For those not familiar with Ruthko’s magnificent body of work, the play shares the extensive philosophy that motivated the artist’s efforts to reach the unique and the meaningful.
This includes his creation of paintings for and then withdrawal of those same painting from the walls of the famed Four Seasons Restaurant in New York’s elite Seagram Building.
RED (written by John Logan, who also wrote the film scripts for The Gladiator, The Aviator and Hugo) is a 90 minute exploration of the nature of creativity, truly worthy of the Tony Award that the play won in 2010.
And whether one agrees with Rothko’s startling decision to retain the Four Seasons canvases, his thoughts about the creative process are ones that any thoughtful culinary professional can relate to, especially if the words “art” and “painting” are replaced by the word “cuisine” as you read. :
“To us art is an adventure into an unknown world, which can be explored only by those willing to take the risk”.
“A painting is not about an experience. It is an experience.”
“The most important tool the artist fashions through constant practice is the faith in his ability to produce miracles when they are needed.”
“One does not paint for design students or historians but for human beings”.
Thankfully the Tate Museum in London was able to convince Rothko to show at least some of his Four Seasons canvases in their gallery to the applause of all who saw them.
But it is perhaps at the Rothko Chapel in Houston that one can see the full expression the artist’s commitment to meaning. The effect is stunning, simply stunning – spirituality without a restrictive creed, an expansive feast of simplicity that silently embraces everything.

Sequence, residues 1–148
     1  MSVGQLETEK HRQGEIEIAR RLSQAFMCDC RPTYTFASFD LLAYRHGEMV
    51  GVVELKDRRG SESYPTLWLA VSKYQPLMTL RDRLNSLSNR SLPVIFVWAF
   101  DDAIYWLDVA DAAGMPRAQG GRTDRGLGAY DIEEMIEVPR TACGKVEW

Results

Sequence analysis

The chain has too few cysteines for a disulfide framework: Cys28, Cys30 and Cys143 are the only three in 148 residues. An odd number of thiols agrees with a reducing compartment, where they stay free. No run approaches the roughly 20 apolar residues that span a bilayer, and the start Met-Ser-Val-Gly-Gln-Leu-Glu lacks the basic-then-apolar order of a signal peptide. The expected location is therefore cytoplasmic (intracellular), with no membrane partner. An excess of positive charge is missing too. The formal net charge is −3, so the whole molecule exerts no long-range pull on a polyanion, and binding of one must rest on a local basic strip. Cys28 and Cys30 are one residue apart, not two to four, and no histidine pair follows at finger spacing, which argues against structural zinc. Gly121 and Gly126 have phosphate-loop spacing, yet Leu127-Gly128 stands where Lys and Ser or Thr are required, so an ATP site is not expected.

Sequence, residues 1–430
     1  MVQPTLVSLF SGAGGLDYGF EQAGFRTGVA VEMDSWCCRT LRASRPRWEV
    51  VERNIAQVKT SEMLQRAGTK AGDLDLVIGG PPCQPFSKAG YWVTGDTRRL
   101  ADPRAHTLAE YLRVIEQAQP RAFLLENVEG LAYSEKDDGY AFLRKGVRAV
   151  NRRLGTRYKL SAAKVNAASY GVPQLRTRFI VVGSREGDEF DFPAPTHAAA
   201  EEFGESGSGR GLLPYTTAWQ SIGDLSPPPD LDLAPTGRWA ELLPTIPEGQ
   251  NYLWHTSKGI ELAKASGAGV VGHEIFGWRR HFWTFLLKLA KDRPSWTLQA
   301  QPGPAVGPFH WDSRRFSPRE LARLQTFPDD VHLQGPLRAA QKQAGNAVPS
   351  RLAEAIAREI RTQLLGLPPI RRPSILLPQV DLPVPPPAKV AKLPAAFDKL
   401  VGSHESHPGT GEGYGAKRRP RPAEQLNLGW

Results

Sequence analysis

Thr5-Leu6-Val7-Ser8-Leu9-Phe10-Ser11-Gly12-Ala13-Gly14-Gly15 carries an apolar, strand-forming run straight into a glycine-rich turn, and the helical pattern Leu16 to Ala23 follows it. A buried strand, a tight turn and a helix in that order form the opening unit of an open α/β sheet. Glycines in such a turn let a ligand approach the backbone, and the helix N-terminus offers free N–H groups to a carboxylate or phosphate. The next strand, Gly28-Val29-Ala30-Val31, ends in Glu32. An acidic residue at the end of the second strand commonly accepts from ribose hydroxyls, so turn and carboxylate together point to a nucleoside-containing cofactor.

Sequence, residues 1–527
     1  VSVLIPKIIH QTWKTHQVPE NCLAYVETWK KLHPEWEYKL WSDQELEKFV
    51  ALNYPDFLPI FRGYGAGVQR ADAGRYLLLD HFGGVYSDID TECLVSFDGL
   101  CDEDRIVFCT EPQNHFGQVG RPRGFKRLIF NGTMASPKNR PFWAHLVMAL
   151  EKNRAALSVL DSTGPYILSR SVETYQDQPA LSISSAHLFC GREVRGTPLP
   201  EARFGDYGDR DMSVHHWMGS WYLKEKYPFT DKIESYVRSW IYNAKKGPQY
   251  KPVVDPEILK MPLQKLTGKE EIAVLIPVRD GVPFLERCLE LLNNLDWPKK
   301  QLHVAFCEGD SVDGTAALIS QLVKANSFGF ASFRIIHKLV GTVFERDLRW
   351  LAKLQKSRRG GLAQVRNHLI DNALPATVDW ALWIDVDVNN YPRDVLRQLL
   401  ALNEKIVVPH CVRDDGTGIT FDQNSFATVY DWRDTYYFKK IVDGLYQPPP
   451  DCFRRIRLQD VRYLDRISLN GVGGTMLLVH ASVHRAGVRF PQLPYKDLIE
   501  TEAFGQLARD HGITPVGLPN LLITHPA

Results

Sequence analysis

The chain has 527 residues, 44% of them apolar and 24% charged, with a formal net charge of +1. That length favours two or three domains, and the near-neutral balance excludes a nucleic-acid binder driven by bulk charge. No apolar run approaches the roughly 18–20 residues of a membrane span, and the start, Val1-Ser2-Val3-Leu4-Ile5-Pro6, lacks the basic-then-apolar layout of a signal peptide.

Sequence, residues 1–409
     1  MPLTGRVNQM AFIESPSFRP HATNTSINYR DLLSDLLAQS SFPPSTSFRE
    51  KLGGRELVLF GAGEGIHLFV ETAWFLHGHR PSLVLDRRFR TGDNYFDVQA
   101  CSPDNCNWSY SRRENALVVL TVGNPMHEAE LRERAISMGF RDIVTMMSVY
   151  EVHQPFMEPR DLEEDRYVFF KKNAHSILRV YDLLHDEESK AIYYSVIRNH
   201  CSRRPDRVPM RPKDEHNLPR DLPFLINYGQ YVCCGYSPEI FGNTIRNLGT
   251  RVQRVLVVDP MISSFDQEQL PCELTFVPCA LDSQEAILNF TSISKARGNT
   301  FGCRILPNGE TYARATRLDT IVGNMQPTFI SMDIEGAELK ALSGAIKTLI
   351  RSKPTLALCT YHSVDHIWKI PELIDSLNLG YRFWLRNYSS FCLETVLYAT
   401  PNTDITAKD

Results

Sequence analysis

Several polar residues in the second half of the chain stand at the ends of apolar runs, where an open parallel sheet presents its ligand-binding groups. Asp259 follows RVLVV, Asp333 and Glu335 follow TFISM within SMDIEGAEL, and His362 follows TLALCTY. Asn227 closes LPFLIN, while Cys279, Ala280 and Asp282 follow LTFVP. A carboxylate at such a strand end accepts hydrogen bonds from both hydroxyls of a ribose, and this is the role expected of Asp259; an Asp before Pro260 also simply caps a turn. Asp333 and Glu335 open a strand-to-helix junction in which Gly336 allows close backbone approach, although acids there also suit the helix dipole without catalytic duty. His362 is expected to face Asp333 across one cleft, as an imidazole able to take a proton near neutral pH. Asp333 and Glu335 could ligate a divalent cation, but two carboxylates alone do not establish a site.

Today’s culinary professional will find a stolen evening’s viewing RED more than an evening off. They will, Instead, find the conflicting elements of their own career reflected in the play’s words and images.
As the curtain closes, one is left with the impression that if only Rothko had only spoken with the chefs, instead of the building’s wealthy financiers, he would have hung his paintings with pride at the Four Seasons, knowing there were others there who were ALSO artists just like him – those who create not with paint, but with the very ingredients of the earth itself: Chefs!
Post Note, March 1, 2012: Due to overwelling ticket demand, Seattle Repertory Theatre has extended the run of RED from February 24 to March 24, 2012. Fantastic! (Let's hope that all those who enjoy RED also enjoy dinner out before the play).
Post Note, February 29, 2012: While RED plays in Seattle, the Portland Art Museum is hosting a not-to-be-miss exhibition of paintings covering Rothko’s entire career. Honoring this amazing show is the Hotel Lucia’s newest cocktail “Red on the Rocks”.
Following in the footsteps of Rothko, who believed that art should be enjoyed by everyone, the Hotel Lucia has followed suit and released the cocktail’s creative recipe:
Red on the Rocks
- Layer .75 oz. of Cherry Heering Liqueur in a rocks glass.
- Soak 1 cube of sugar in bitters.
- Muddle sugar and 3 Cara Cara Orange slices.
- Add 1.5 oz. Bulleit Bourbon, .5 oz. of Dolin Blanc Vermouth and ice in a mixing tin and stir.
- Pour into the rocks glass.
- Float .75 oz. of Campari Italian Liqueur on top.
- Garnish with one Amarena Cherry
Your Culinary World copyright Ana Kinkaid/Peter Schlagel 2012